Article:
Because not only humans dream, but other animals, too, we know that dreams are not based on cognitive (thoughts) impulses, but rather emotional ones. This has to do with the fact that our brain works in three layers.
Either by genetic blueprint or attained through learning, any organism will adapt to recurring patterns to prevent it from danger. The genetic part is of course hard to change, but the ‘tree’ of choices (I call it the decision tree), the response mechanism of most mammals is automated. Meaning, if something gives an impulse, especially repeatedly, that causes a positive or negative reaction to the nervous system, it will become an instinctive behavior to move to or from such stimulus.
Mammals and especially primates (being very recognizable to us). They differentiate in group sizes and survival mechanisms because of that. They have empathic abilities to survive in social groups. But they also see emotional behavior in strong generational cohesion. Where offspring is heavily dependent on parents, we see the equivalent of our own emotions within such ‘family’. These emotional behaviors have different reasons.
- They cause automatic bonding, dependency.
- They cause mimicking of behavior (we have seen this behavior between species even, remember the stories of Tarzan, or Romulus and Remus?).
- They set a path for pattern recognition within the nervous system.
Certain key values which change with each generation to ensure possible survival. The emotional layer, can be seen as a ‘neural’ filter level.
With awareness comes the growth to conceptualization in communication. Because we are instinctive, emotional beings, but also self aware and sometimes differ in meaning of emotion, we need a way to explain when an emotional behavior is not meant as a threat, etc. You could call it a protocol equivocation behavior. These concepts are starting with leveling of emotional responses between the self and others (independent of species), but evolve through a process of emotional impulses to stimuli and responses within relations and our interactions with the world around us into cognitive structures of words, representations and a general worldview.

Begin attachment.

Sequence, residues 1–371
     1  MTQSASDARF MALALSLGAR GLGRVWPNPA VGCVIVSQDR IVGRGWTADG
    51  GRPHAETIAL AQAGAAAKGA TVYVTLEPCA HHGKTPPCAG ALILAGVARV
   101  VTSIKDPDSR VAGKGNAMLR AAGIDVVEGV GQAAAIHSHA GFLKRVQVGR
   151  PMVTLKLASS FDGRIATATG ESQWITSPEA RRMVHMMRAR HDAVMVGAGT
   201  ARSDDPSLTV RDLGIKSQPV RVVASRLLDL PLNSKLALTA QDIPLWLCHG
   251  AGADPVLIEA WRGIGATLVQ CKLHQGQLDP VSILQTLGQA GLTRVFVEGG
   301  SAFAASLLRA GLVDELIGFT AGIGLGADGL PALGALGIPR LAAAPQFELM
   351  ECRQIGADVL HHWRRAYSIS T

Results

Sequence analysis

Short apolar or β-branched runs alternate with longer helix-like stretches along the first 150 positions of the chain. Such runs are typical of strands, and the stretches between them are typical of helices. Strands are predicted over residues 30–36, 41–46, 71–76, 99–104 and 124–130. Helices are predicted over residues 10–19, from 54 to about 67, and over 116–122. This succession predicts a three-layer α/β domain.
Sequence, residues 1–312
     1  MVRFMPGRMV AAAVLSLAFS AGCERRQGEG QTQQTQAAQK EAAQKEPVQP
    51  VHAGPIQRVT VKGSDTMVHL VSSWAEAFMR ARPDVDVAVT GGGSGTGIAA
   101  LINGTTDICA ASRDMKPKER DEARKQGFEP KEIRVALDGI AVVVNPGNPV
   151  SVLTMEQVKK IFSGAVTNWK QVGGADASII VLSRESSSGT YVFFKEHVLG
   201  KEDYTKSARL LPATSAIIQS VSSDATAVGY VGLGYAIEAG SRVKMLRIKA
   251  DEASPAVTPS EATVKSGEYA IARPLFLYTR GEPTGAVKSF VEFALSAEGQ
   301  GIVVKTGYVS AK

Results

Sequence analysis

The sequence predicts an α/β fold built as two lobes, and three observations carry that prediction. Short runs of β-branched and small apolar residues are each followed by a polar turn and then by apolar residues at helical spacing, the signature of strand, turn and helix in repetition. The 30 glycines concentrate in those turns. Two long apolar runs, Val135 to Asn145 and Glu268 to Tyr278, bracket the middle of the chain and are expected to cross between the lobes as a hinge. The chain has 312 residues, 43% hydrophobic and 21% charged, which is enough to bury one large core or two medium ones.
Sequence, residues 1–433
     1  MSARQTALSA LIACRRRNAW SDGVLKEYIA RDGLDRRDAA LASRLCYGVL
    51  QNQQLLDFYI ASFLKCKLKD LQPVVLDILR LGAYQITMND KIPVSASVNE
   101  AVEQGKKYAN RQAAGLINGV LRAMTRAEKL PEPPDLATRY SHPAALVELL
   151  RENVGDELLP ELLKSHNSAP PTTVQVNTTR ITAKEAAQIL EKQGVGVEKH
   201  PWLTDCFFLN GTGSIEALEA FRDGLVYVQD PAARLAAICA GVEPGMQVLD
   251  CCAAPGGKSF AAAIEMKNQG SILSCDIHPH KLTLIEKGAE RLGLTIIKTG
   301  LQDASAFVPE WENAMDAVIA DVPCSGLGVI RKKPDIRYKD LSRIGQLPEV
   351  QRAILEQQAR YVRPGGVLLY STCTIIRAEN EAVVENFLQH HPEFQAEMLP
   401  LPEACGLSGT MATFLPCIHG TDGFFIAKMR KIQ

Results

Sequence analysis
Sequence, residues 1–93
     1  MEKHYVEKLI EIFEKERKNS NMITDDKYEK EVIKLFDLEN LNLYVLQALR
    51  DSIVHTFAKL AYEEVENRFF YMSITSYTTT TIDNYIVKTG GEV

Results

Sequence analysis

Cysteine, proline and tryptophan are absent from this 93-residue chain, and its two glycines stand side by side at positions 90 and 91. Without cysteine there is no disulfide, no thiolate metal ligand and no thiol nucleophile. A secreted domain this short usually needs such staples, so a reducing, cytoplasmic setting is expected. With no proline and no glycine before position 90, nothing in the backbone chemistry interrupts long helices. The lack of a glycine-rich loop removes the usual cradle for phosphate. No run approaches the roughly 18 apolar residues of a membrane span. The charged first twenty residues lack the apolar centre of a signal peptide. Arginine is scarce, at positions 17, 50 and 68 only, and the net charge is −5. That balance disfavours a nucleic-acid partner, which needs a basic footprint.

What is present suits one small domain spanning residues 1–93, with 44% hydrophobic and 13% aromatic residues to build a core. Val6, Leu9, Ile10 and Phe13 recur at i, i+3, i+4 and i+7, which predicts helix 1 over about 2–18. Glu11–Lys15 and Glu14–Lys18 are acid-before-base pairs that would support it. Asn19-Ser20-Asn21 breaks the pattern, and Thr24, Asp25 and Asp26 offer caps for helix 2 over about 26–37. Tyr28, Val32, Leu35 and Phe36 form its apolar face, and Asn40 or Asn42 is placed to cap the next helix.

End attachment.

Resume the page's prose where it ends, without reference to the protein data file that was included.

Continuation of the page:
We as humans are in possession of all three layers. When we are young (between age of 3 and 9) we run through many changes in emotional responses. We are first heavily bombarded with positive responses to new abilities we show to parents. At the same time on increasing occasions during that time we are shown that we are also growing within boundaries of the use of such abilities. The brain will process these responses into the emotional layer. That layer starts quite blank and if repeated and found with consistency, will filter into the instinctive layer. If we find ourselves with a conflicting response, it can cause emotional dissonance (not cognitive). When the brain ‘shuts down’ at night, the reflux/feedback of these neural charges will cause the brain to fire memory or general pathways that are perceived as dreams. Because emotional ‘challenges’ are becoming rarer as we grow older (They are more frequent during more active development stages like adolescence), we tend to dream less obvious the older we get.
Keep your dream alive
In general dreams are a process of the nervous system to make emotional conflicts of the day, be adapted into the instinctive layer, so we don’t have to cognitively or emotional deal with them again.